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Criminology Seminar Series - Abolitionist Killjoys, Carceral Enjoyments, and the Social Life of Social Death

Starts 08 February 2018 - 18:00
Finishes 08 February 2018 - 19:30
Venue TBC, Birkbeck, University Of London, Malet Street, WC1E 7HX, London
Booking details
Free entry; booking required
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Event description

Abolitionist Killjoys, Carceral Enjoyments, and the Social Life of Social Death

Speaker: Dr. Andrew Dilts (Loyola Marymount)

This paper takes up the problem of the pleasures and enjoyments that putatively “innocent” members of society gain, enjoy, and hold under the terms of contemporary incarceration and the effects of its wide-reaching collateral consequences in the United States. While scholars have rightly explored the ways that both punitive practices such as long term solitary confinement and collateral consequences such as felon disenfranchisement render current and former prisoners as socially and civicly “dead,” less attention has been paid to the form of parasitic “life” constructed as its antithesis. This paper argues, following the work of critical race theorists and feminist epistemologists, that this is in part due to an epistemology of ignorance that blocks the recognition or acknowledgment of the pleasures of membership, citizenship, and freedom constitutively produced by this form of life and death. However, it is not simply that individuals who can avoid interactions with the criminal justice system enjoy privileges they are “unaware” of, but also that they cling to these pleasures even when faced with the knowledge of their parasitic behavior. As such, a more radical and confrontational form of "knowing" is called for in response. To this end, I follow the abolitionist work of CeCe McDonald alongside Sara Ahmed’s figuration of the “feminist killjoy” as models for how to re-center analyses of incarceration around voices and narratives of currently and formerly incarcerated persons, not simply as a form of disruptive ideology critique, but as a distinctive form of disruptive affect - Dr. Andrew Dilts

To book your place for this event please visit here

About the Criminology Seminar Series

In line with the School of Law, Birkbeck's research and teaching ethos, the Criminology Seminar Series aims to provide a platform for critical and interdisciplinary research, showcasing prominent and path-breaking research on crime, criminal justice and related themes by scholars from within and beyond Birkbeck. The series is convened by Dr Sappho Xenakis, School of Law, Birkbeck.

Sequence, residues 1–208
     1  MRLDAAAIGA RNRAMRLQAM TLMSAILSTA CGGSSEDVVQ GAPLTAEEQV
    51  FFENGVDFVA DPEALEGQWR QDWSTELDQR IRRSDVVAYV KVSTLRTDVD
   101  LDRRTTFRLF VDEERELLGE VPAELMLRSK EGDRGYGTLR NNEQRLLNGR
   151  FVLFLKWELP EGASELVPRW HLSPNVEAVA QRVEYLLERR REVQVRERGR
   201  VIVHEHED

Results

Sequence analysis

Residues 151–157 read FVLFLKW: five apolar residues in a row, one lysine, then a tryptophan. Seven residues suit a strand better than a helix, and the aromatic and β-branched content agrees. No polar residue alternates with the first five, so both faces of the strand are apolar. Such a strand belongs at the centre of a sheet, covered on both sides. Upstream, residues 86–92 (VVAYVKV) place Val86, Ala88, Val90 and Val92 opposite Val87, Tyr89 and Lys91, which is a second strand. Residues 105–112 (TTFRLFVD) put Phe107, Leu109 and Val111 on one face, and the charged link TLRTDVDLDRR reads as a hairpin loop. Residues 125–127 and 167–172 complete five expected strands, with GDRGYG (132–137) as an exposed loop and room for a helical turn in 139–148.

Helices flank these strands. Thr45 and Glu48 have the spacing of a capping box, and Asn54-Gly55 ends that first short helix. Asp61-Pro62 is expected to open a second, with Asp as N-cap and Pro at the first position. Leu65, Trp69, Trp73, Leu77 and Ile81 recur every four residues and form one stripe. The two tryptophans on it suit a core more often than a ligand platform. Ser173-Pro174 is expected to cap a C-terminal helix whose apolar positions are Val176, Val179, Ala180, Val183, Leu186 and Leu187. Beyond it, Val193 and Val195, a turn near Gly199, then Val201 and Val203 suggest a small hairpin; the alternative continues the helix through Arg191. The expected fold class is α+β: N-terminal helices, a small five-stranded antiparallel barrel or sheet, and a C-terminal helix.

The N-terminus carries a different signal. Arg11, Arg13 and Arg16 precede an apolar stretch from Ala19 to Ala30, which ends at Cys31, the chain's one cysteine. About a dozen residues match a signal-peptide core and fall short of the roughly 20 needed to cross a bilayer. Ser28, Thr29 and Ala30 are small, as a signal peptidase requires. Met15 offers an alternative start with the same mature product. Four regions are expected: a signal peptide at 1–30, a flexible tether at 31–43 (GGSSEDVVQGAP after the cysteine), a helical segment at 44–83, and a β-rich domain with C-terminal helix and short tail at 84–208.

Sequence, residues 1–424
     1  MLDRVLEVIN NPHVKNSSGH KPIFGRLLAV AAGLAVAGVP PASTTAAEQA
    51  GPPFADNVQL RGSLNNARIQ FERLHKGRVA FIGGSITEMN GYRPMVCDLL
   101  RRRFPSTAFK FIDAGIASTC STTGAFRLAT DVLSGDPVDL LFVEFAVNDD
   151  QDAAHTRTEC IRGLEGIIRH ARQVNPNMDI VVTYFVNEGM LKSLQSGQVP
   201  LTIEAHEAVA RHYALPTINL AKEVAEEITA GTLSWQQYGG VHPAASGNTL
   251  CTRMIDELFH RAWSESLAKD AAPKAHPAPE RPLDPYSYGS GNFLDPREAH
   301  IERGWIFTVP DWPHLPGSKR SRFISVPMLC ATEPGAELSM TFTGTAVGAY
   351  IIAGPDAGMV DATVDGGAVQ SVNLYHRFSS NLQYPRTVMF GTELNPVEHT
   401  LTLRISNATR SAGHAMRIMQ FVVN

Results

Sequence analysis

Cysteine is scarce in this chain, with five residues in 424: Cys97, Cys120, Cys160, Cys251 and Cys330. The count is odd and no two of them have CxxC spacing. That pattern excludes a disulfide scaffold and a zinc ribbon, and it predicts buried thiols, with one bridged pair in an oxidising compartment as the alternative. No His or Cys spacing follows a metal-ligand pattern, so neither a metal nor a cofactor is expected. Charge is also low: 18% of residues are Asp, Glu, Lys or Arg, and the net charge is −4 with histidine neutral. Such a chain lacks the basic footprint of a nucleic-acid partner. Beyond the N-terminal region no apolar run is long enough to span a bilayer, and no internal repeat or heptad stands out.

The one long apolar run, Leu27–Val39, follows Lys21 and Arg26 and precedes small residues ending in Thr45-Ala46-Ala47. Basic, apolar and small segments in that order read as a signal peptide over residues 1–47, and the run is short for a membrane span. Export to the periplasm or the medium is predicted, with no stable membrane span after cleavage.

Attendance to the events is free but registration is required. Talks from the 2017/18 series will be avaible for download via the website. Find out more about the series here. The hashtag for the event is #BBKCrimSeries.

Please note that latecomers to the event are not guaranteed entry. Please be advised that photographs may be taken at the event for use on the Birkbeck website and in Birkbeck marketing materials. By attending this event, you consent to Birkbeck photographing and using your image for these purposes. By registering for this event you consent to your email address being added to the School of Law, Birkbeck mailing list. Your email address will not be shared with third-party organisations. If you would like to request your removal from our mailing list please contact

Picture credit: Image is by Fernando Botero: Abu Ghraib #67 (2005). University of California, Berkeley Art Museum and Pacific Film Archive Gift of the Artist, 2009.12.42 Photographed for the UC Berkeley Art Museum by Benjamin Blackwell.

This event is part of the School of Law's 25th Anniversary celebrations. The School of Law, Birkbeck was founded in 1992 as a Department of Law with three members of academic staff. Over the last twenty-five years it has become a School comprising the Departments of Law and Criminology as well as the Institute for Criminal Policy Research, four research Centres, 40 members of staff and an overall student body of over 1,000. The School is proud of being a pioneer in establishing and developing a hub for the field of critical legal studies. While our national and international reputation has been forged through critical legal research, more recently we have gained recognition for critical criminological and activist research, socio-legal scholarship and policy-engaged empirical research. In recognition of this the last Research Excellence Framework exercise ranked us as being in the top 10 law schools in the UK and in the top 3 in London, while our research environment was judged conducive to producing research of the highest quality.

In this our 25th Anniversary year we will be holding a series of events reflecting on our history and successes as well as looking forward to the opportunities and challenges facing critical legal and criminological teaching and scholarship in the 21st century. Find out more about the 25th Anniversary celebrations here.

Contact name
Dr. Andrew Dilts (Loyola Marymount)
Further details

School/department website